5. Maple Sugaring Line. The sap of the sugar maple runs for several weeks around the spring equinox, when daytime temperatures are above freezing and nighttime temperatures are below. A network of tubes runs from the tree taps into collection tanks. Forty to 100 gallons of sap will boil down to yield one gallon of syrup.

6. Manure Pond. Cow dung and urine are collected into ponds from where it will be pumped into trucks and sprayed on the crop fields as fertilizer (see page VI). Correct application rates and methods are critical to avoid nitrogen and phosphorus contamination of ground and surface water. With my family I once drove a little too close to a spraying truck. Before we could get the windows up, manure was flying into the car. My daughters were not happy.

7 Snow Island in a Muddy Stream. Soil erosion is a major problem that arises from agriculture. The farms of the United States lose ten times more topsoil than is replaced by natural processes, and soil cannot be made in any other way.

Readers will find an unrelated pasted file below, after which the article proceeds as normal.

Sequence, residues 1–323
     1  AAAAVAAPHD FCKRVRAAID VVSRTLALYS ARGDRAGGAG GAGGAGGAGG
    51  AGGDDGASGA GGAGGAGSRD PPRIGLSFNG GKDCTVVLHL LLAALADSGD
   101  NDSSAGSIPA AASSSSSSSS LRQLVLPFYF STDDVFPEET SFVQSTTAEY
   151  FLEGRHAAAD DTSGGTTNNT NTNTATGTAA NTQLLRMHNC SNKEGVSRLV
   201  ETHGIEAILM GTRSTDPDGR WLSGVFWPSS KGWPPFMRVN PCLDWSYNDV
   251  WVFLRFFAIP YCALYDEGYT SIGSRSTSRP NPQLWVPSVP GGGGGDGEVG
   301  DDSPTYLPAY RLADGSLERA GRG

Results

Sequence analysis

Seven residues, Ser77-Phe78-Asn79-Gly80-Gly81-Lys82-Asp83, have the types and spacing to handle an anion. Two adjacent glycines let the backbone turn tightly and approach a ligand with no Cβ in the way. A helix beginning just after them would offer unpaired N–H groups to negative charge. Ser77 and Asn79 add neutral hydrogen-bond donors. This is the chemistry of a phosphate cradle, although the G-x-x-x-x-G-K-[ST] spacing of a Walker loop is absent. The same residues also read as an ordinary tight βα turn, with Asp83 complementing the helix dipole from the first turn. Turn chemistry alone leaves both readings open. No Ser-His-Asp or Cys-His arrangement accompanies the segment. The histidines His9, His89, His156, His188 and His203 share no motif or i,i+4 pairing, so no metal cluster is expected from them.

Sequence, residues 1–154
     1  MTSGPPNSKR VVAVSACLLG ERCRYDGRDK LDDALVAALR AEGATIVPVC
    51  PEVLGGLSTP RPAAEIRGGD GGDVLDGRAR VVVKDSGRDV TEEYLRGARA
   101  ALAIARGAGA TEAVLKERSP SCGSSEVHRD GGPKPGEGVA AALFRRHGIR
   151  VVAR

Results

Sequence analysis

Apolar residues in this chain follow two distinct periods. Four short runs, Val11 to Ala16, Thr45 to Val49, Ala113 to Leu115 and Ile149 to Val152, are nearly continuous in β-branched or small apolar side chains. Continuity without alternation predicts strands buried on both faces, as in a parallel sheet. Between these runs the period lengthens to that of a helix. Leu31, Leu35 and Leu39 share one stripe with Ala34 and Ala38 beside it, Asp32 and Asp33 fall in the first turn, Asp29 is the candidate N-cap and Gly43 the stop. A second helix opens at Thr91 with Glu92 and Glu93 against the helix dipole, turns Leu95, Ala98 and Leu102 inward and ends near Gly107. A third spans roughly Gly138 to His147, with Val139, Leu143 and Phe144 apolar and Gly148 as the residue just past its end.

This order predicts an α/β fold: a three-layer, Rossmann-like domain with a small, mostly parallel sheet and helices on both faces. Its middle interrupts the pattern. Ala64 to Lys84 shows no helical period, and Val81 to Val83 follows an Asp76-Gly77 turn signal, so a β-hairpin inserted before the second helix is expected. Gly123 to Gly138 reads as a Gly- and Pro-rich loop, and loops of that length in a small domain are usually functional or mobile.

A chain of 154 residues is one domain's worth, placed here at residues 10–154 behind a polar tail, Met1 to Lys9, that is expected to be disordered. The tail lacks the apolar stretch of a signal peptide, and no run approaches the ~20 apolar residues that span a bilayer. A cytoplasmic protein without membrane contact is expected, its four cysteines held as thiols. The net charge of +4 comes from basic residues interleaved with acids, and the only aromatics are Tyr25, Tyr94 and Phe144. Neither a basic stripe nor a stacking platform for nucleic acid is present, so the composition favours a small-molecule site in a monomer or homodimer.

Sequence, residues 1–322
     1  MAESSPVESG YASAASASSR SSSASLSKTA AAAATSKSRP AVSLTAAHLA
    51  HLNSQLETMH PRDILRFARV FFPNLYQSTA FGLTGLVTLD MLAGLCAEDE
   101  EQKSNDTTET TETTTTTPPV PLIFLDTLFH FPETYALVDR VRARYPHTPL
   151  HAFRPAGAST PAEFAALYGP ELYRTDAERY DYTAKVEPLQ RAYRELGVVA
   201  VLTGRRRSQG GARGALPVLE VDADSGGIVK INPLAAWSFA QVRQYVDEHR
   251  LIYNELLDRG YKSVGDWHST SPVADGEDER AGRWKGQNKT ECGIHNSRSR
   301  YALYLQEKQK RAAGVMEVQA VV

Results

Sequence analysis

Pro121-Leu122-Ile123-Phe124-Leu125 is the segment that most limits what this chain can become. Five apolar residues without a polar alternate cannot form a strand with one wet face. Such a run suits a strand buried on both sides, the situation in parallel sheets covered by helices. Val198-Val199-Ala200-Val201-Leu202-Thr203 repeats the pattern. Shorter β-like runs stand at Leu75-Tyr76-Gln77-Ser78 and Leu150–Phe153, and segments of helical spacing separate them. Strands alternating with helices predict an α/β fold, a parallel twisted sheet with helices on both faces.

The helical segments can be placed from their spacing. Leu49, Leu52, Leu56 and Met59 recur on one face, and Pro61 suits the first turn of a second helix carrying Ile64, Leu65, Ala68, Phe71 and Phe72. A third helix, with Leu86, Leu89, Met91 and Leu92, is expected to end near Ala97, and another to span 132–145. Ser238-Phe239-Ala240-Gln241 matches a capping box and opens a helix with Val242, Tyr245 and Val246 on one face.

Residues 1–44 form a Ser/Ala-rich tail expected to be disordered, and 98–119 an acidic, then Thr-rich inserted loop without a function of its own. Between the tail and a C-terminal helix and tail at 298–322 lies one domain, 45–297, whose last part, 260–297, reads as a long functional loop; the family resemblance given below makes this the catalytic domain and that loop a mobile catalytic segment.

8. Windy Snow Parabola.

9. Snow on a Hill and Sky. For the hunter-gatherer, a god is everywhere: in animals, natural phenomena, and plants. Nature is interdependent, forces are in equilibrium. The balance of the gods keeps the earth healthy. With the rise of agriculture, the number of gods decreases, correlating to our dependence on fewer species. Hybrid gods, half-animal and half-human, appear. As our sense of control increases, gods resembling man and woman reign. Earth is female; crops are born out of her body.

10. Winter Field between Ice and Sky.

11. Bare Valley. Historically, overpopulation is relieved by warfare or mass starvation. Famines have occurred with great frequency throughout recorded history, most recently in Russia, 1921-1922 (9,000,000 people starve to death); Russia, 1933-1934 (5,000,000 starve to death), and China, 1958-1960 (30,000,000 starve to death). Hunger is still a major problem for much of the world. Farming creates the conditions for famine. Large, hungry populations have resulted from the abundant production of agriculture. Stratified social systems with impoverished lower classes originated with the ability to store grain and accumulate wealth.